A new idea for treating brain injury doesn't involve fixing the damaged regions. Instead, researchers want to detour neural impulses around the damage.
Scientists used to think of the brain as an collection of discrete parts, with different regions taking charge of different neural functions. Today's emerging model of brain activity indicates that even a simple act of perception or cognition involves many different brain regions. Several projects are devoted to mapping those complex webs of interconnections, collectively known as the connectome.
The current experiment on brain injury banks on the idea that a lesion in the brain may be disruptive partially because it interrupts some neural circuit. The researchers, from Case Western Reserve University and the Kansas University Medical Center, thought that a little judicious rewiring could solve the problem.
In the study, researchers caused brain injuries in rats' caudal forelimb area, which is involved in the movement of the rats' front legs. That brain region typically processes information from a sensory area that provides information about the limbs' positions, and it sends on the command to the premotor cortex, which in turn conveys the command to the spinal cord. In these injured rats, though, the signal couldn't make it past the sensory area. A rat presented with food pellets will still try to grab them, but it will grope around almost at random, and will have little success in nabbing the food.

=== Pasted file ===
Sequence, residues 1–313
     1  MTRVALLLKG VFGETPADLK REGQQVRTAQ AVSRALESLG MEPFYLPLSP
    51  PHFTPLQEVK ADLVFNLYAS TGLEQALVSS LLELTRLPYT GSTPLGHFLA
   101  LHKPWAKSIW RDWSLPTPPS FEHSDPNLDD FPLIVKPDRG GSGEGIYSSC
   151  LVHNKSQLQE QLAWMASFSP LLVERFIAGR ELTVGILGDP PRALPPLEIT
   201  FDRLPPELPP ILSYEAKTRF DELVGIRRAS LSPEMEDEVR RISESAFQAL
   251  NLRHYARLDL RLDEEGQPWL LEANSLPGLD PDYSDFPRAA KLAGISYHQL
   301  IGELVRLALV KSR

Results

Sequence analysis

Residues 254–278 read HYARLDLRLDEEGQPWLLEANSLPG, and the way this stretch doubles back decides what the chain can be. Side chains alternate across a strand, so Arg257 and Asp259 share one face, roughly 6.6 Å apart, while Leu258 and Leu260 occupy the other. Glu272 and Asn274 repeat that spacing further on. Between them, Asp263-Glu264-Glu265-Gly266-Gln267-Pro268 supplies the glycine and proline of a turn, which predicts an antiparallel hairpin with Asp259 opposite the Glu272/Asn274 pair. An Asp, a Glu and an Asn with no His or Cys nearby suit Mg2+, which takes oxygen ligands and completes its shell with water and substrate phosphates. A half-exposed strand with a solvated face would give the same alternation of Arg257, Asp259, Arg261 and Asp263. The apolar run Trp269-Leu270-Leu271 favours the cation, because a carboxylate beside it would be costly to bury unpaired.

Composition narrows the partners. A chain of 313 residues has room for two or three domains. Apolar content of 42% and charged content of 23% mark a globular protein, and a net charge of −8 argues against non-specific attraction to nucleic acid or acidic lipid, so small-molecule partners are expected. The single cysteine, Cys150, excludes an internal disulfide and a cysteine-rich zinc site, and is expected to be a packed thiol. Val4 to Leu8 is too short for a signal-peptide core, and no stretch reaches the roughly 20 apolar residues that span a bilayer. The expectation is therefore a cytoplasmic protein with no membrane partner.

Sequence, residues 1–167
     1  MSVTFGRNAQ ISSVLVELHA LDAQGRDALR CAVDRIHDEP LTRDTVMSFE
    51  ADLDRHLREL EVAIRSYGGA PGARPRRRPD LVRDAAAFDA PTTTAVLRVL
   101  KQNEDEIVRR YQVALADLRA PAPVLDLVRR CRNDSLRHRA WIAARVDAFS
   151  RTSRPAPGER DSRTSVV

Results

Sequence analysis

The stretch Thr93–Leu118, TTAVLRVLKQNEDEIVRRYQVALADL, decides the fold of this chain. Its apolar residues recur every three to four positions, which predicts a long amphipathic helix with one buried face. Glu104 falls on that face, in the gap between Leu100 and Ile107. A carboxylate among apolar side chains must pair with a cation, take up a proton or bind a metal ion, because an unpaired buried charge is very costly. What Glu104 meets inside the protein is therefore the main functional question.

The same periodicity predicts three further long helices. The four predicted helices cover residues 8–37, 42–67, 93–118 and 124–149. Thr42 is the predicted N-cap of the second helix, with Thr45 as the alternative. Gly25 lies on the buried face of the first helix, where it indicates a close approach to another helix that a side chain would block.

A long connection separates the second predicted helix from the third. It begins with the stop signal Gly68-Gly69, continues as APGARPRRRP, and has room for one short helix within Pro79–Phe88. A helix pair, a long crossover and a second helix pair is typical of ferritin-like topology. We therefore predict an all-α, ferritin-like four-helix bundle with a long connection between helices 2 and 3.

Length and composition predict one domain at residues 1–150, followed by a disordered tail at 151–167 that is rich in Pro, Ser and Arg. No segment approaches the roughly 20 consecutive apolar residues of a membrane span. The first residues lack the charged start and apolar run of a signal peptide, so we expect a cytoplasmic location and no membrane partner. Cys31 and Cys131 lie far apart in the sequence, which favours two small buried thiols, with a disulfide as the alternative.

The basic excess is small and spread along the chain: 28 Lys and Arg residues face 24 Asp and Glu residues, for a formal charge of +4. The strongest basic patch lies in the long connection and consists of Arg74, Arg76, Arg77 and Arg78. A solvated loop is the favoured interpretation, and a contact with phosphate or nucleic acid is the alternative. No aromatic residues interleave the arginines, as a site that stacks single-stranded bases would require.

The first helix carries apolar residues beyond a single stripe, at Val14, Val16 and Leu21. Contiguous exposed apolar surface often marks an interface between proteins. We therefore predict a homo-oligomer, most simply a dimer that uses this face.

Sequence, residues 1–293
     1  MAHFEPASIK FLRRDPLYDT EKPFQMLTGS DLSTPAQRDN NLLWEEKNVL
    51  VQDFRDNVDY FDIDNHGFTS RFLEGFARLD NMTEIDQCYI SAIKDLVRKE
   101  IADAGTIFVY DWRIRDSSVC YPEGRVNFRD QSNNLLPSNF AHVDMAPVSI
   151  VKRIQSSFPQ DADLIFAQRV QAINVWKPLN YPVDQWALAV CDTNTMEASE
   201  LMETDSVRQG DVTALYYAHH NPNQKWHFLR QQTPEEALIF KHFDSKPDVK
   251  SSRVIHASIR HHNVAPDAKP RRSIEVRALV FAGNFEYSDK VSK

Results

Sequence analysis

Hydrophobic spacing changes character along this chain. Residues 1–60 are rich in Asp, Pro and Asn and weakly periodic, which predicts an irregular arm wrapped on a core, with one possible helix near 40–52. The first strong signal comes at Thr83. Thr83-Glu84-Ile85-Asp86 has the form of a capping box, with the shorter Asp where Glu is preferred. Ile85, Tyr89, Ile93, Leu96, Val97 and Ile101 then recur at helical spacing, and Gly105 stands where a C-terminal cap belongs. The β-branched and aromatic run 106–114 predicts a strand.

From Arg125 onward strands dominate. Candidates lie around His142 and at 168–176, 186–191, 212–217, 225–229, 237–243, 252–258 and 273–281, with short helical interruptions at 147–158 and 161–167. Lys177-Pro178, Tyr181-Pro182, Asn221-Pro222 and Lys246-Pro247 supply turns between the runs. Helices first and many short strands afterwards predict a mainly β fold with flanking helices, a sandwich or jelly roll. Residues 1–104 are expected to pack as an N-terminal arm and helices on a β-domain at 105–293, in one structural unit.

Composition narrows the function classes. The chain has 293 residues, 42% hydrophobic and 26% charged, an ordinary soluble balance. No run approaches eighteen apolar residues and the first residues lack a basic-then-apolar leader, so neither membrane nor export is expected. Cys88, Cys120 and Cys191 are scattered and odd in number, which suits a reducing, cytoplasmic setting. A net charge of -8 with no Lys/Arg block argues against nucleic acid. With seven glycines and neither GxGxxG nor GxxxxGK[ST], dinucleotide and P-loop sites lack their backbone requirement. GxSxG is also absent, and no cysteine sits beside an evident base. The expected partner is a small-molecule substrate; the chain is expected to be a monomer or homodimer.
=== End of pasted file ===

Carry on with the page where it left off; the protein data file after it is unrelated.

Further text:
To restore function, researchers implanted a microdevice in the rats. One set of electrodes recorded and digitized the signals in the sensory area, then the signal was routed to another set of electrodes in the premotor cortex, where they delivered precise electrical pulses. When these cyborg rats were tested for their pellet-grabbing skills, they performed almost as well as uninjured animals.
The video below tells the tale. Warning: Don't watch if you don't want to look at post-brain-surgery rats. They have a somewhat Frankenstein-like appearance.
Such technology could one day help a broad swath of people who suffer from traumatic brain injury, including football players, war veterans, trauma victims, and stroke patients.
Image and video: David J. Guggenmos et al.